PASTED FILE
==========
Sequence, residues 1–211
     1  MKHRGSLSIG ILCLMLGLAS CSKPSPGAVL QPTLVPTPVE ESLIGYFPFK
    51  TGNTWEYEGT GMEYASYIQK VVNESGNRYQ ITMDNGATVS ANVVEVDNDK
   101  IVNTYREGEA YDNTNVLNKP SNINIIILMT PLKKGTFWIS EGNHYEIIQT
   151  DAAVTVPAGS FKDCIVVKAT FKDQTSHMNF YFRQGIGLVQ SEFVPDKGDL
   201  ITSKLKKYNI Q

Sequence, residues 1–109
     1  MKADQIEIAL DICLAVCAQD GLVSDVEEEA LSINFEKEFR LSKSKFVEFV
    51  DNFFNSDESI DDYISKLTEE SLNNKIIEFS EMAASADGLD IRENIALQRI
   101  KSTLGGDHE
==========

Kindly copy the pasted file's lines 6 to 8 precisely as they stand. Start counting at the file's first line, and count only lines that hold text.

   201  ITSKLKKYNI Q

Sequence, residues 1–109
     1  MKADQIEIAL DICLAVCAQD GLVSDVEEEA LSINFEKEFR LSKSKFVEFV